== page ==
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Holley Stealth Ram EFI Kit - Grand Slam Stealth Ram

Posted in How To: Engine on March 1, 2008
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Photographers: Courtesy Of Holley
The Holley Stealth Ram kit for a Chevy small-block comes with everything you see here. Depending on what horsepower rating your engine is putting out, Holley will include different pound per hour (PPH) injectors. The manifold, plenum, throttle body, wiring harness and connectors, sensors, fuel pump and filter, and ECU all come together as a package. You'll also need to pick up new throttle cable linkage and tranny-kickdown linkage yourself. Plus you'll need a distributor designed for a factory TBI Chevy small-block, as an HEI unit will not work since the cap diameter is too large.

Electronic Fuel Injection (EFI) has clearly come out as the fuel-delivery system of choice in every type of motorsport. The advantages are clear, and it's no secret that you'll feel better throttle response driveability, and you'll likely see an increase in fuel economy and engine power. Our editor, Rick Pw, pointed out that, in a perfect world, an EFI kit should make no more power or improve fuel economy over a carbureted system. But the chances of finding a carb that is perfectly tuned for the absolute best mix of fuel economy and power are slim. And if you factor in elevation and climate changes during driving, it is nearly impossible for a carb to keep up with a wideband EFI system. The control module of the EFI takes multiple parameters into account and makes adjustments based on data delivery from the O2 sensors, MAP sensors, intake air temperature sensors, and coolant sensors.

There are two main types of EFI systems: throttle-body injection (TBI) and multipoint fuel injection (MPI). TBI fuel-injection retrofits are nice because they're easy, they're cheap, and they require minimum modifications as a TBI system bolts to the existing manifold. If you're looking for a kit with better throttle response, you'll need to step up to an MPI kit, complete with a replacement manifold and a fuel injector for each cylinder. The cream of the MPI crop is tuned port injection (TPI) kits, and this Holley Commander 950 Stealth Ram MPI system that can supply a small-block Chevy engine enough fuel for 300-670 hp. We teamed up with DC Performance in Los Angeles, to install and tune Holley's Stealth Ram kit on a bone-stock '75 Chevy 350 engine. Unless you are very experienced with tuning EFI systems, we suggest letting professionals like the guys at DC to do your engine tuning for you. The installation of the kit itself can be done at your house if you have enough time, but the tuning is best left to the pros. The Stealth Ram kit is also not 50-state legal, so you'll have to have a '75-or-earlier vehicle to use it in California.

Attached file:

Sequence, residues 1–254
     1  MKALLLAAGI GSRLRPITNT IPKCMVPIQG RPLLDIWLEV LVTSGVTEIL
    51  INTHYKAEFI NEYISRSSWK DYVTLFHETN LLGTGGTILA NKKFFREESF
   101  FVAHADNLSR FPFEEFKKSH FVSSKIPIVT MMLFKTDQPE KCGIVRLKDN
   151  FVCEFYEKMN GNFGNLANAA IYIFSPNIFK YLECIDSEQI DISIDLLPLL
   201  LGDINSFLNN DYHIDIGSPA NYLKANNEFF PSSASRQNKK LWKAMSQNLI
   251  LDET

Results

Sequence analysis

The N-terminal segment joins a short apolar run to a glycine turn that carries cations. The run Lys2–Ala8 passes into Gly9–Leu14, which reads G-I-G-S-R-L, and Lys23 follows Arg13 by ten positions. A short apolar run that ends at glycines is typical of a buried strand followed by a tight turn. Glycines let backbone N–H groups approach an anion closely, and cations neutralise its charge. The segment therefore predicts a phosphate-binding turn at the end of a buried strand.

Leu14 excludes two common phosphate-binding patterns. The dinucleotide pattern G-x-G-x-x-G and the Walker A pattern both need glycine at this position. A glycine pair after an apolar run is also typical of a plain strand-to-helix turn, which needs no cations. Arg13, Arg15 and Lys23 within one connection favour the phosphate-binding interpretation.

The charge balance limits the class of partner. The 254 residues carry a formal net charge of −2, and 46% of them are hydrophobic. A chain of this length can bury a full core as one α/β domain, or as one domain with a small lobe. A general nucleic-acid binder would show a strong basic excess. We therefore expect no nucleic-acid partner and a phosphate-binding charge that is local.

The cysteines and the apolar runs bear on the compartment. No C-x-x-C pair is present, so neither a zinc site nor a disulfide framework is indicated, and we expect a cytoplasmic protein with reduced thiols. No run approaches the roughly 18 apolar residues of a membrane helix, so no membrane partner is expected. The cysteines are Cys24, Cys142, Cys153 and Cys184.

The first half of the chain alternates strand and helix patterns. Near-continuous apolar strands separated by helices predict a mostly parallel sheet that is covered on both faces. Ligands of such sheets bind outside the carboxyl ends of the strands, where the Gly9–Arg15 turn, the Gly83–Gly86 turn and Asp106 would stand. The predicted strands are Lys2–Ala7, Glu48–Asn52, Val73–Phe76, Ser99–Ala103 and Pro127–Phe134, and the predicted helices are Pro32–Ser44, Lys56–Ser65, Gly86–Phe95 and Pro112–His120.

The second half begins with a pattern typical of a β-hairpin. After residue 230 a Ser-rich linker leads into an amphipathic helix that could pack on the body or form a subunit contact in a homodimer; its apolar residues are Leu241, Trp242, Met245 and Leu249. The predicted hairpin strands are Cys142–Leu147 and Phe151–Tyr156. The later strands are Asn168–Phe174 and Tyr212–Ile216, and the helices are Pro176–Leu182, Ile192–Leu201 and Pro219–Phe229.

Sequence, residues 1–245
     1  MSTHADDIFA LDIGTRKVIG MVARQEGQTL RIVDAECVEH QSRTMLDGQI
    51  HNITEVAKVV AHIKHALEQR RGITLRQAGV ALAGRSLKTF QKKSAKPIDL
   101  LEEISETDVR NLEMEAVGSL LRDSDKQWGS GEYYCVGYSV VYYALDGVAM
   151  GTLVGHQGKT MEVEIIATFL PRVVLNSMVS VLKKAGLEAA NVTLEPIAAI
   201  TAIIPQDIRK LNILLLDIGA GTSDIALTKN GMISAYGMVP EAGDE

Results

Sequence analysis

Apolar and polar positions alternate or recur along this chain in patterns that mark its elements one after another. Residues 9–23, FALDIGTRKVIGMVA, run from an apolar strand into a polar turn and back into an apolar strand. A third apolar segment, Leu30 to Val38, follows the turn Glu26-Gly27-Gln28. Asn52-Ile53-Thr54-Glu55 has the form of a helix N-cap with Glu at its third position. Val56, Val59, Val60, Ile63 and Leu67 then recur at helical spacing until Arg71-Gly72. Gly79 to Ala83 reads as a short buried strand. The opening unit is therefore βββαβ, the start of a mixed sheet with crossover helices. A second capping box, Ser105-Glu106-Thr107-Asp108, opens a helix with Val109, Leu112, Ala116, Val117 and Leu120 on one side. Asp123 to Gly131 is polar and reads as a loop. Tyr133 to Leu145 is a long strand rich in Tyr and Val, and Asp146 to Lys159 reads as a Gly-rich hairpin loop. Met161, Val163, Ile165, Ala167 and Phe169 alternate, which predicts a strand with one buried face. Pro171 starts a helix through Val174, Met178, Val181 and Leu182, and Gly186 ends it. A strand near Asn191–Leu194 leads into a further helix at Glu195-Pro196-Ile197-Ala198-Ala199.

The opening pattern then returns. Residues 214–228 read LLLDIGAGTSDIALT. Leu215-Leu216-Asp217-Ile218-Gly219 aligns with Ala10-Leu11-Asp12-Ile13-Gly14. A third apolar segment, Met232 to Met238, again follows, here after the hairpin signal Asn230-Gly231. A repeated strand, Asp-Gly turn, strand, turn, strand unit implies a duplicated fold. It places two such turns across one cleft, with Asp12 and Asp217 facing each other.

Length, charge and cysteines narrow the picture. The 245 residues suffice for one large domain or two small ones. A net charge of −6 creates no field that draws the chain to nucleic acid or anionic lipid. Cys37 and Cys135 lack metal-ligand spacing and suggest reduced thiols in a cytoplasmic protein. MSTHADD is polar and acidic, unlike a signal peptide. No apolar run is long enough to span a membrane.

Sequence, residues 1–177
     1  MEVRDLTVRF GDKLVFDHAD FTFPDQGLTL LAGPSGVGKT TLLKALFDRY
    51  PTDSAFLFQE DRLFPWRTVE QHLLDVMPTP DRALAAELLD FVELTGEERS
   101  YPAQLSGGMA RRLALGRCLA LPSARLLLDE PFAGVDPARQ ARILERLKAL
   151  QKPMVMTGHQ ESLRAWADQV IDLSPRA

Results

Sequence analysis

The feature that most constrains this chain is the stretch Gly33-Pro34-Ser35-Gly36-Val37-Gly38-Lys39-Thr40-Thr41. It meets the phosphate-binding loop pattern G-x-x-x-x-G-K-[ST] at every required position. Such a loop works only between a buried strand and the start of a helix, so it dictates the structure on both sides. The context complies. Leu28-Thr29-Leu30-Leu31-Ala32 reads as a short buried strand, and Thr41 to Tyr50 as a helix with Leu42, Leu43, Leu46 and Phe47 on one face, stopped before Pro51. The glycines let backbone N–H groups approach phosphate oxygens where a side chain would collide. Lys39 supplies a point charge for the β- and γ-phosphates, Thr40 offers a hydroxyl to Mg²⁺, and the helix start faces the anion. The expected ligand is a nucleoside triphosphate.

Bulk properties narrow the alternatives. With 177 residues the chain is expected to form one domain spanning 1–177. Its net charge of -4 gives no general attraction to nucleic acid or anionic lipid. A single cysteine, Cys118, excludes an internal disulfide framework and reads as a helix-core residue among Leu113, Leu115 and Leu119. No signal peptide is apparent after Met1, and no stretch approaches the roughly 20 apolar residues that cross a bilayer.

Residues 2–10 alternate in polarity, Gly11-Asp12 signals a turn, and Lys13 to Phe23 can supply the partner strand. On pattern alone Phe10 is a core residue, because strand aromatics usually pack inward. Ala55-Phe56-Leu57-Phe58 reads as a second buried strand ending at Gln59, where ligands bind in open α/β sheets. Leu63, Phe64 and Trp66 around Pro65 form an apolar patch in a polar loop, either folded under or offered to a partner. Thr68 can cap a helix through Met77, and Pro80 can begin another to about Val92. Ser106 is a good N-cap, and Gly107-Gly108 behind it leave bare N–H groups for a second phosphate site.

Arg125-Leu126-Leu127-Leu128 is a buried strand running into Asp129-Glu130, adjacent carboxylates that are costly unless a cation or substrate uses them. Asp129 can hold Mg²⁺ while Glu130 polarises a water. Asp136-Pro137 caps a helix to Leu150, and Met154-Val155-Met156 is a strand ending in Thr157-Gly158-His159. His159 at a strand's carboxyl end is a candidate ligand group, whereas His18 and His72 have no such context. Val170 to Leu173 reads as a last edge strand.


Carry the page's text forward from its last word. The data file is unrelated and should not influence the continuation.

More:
DC Performance highly recommends checking out the engine before putting on an expensive system like this. It's always exciting to see an untouched (since 1975 when it was built) engine get ripped into. Before this, the biggest mod it'd seen was the Thorley headers on the sides of the block. That being said, it was ugly under the hood. The red and blue lines running over the manifold are discharging the air-conditioning system. Since the line from the A/C compressor to the condenser had to be removed to get the Stealth Ram's plenum on, we had no choice. We'll have to pick up a custom A/C line to run it past our new Stealth Ram system.

PhotosView Slideshow
PhotosView Slideshow

The throttle response was improved, as were the driveability and fuel economy. But did we make more power? DC Performance tuned the engine prior to the teardown so it would be running as well as it could with the carburetor on it. Once they were done, they pulled off initial dyno numbers and proceeded to remove the top end of our stock 350. When the kit was finished, DC Performance strapped our test truck back on the dyno for its final numbers.

Peak Horsepower - 147.50 hp
Peak Torque - 216.50 lb-ft

Peak Horsepower - 154.90 hp
Peak Torque - 221.47 lb-ft


DC Performance
Los Angeles, CA 90034

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